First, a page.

The National Post, a large Canadian newspaper, has a long article about quantitative self-tracking. Overall I like it. It looks at the subject in five or six ways, it focuses on examples of self-tracking rather than people generalizing about it, and, best of all, it includes actual data.
I wasn’t so pleased with the treatment of my work. First, the graph showing my butter data was wrongly labeled and the dividing line between before butter and during butter put in the wrong place. (These mistakes have been fixed.)Â Second, the description of my acne experiments — my dermatologist prescribed Medicines A and B, I found that only B worked — misses the point. True, I found that B worked better than A but far more interesting is that Medicine A (an antibiotic) didn’t work at all. Contrary to what I believed. Antibiotics are dangerous. How many people are taking dangerous drugs with no benefit? Third, the written description of my butter research doesn’t say the main point: butter improved my brain function in the sense that I did arithmetic faster. Instead it says I found butter was better than “standing on something painful”. A billion people would like better-functioning brains. None of them care whether butter is better than standing on something painful.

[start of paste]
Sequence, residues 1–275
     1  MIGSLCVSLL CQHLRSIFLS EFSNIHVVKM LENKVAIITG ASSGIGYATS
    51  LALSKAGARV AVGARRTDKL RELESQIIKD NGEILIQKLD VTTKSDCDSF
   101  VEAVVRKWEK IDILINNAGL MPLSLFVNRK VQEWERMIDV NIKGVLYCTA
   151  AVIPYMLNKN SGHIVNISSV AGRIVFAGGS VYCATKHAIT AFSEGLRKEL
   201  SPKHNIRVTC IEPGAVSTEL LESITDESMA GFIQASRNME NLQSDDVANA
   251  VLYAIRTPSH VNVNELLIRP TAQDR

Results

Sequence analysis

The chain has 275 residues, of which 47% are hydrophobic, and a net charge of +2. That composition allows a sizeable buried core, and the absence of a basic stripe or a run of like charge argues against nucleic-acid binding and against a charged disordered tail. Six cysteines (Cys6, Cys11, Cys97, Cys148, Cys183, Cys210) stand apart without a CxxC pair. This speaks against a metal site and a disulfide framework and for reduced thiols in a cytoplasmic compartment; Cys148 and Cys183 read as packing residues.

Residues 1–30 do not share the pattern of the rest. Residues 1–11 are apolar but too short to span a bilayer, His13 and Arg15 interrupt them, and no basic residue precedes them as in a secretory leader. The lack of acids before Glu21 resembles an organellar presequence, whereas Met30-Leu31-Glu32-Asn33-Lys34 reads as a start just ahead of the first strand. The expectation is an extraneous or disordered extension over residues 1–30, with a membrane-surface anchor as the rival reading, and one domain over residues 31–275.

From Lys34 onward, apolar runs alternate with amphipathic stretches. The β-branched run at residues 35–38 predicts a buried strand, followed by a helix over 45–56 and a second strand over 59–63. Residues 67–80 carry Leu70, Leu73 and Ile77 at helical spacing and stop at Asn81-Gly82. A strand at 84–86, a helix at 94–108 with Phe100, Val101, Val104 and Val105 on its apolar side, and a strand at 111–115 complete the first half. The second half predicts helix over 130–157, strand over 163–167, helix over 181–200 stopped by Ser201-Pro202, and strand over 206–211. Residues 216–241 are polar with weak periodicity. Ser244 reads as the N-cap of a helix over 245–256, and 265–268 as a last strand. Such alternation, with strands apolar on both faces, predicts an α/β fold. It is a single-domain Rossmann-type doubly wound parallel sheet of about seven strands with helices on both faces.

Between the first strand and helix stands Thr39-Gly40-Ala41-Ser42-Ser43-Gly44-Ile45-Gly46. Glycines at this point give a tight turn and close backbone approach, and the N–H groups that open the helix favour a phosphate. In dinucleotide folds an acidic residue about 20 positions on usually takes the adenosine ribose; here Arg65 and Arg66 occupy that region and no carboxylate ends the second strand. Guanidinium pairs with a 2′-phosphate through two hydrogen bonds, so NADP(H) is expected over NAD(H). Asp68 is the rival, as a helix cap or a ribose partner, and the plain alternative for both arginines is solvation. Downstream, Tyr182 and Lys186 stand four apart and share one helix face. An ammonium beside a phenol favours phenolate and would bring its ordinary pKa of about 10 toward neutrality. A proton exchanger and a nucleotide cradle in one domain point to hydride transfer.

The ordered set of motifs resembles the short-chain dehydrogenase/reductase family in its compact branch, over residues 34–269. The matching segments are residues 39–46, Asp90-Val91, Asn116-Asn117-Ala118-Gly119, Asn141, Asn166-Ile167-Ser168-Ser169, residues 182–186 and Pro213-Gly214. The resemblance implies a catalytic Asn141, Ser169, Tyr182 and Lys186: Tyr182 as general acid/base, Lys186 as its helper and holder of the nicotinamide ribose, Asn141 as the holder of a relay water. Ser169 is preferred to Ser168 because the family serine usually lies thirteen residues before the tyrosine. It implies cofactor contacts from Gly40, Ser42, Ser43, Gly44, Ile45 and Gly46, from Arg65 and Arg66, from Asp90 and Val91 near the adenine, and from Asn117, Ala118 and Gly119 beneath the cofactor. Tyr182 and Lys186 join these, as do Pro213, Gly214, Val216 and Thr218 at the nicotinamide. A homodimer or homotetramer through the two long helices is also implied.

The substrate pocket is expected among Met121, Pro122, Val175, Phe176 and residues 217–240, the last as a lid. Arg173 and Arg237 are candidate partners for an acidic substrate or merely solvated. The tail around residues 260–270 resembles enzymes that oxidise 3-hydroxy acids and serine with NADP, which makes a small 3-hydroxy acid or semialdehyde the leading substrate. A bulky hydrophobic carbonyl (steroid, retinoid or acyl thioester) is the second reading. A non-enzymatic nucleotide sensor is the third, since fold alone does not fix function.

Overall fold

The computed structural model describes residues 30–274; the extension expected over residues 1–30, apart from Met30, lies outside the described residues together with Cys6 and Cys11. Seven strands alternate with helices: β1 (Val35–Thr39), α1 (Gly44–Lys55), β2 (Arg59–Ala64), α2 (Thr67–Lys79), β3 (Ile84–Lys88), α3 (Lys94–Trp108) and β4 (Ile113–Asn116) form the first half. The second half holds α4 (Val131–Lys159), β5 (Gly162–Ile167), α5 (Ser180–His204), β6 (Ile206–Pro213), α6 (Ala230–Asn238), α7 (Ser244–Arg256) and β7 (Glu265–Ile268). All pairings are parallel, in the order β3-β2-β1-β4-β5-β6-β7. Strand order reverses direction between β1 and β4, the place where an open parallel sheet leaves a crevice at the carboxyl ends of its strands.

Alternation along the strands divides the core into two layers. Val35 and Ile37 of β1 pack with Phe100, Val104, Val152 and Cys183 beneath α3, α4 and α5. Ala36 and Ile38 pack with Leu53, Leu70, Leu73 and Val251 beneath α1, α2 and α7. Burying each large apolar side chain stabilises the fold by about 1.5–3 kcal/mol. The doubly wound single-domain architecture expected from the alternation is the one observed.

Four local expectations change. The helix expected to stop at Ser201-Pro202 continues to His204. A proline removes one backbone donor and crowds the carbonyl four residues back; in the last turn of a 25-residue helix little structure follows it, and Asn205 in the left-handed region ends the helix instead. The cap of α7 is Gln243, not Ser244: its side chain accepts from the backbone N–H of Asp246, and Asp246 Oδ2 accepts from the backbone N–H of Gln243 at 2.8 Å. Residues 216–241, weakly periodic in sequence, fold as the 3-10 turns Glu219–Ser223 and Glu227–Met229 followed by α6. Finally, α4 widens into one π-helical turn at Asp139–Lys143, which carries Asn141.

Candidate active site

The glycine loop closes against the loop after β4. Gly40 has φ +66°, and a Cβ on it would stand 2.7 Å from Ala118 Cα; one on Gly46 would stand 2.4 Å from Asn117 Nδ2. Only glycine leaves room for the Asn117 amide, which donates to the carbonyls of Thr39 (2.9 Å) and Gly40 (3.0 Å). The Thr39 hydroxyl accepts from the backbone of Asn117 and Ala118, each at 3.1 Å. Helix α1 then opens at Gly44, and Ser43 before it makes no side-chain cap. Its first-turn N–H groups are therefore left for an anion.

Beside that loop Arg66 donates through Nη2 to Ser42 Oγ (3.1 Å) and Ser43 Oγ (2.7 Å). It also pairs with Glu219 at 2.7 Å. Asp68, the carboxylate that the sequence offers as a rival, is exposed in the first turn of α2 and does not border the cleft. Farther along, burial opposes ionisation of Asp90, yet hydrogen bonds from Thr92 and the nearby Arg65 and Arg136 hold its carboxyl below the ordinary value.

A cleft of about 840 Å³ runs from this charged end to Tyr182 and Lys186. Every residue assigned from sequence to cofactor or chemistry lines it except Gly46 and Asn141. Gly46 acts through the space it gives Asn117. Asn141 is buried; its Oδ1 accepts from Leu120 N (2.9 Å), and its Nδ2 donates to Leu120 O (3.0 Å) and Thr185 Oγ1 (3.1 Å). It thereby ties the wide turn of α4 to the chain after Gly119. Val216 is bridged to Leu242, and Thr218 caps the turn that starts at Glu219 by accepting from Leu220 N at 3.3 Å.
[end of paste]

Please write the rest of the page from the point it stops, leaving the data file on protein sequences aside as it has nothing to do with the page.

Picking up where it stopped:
I pointed out the last two problems to Kathryn Carlson, the author of the article. She replied that in the future she would call me to go over the accuracy of the relevant parts of the article. I had considered asking the people who made the graph to show it to me but had thought because they had my graph of the same data in front of them, they couldn’t go wrong.
A good lesson for me.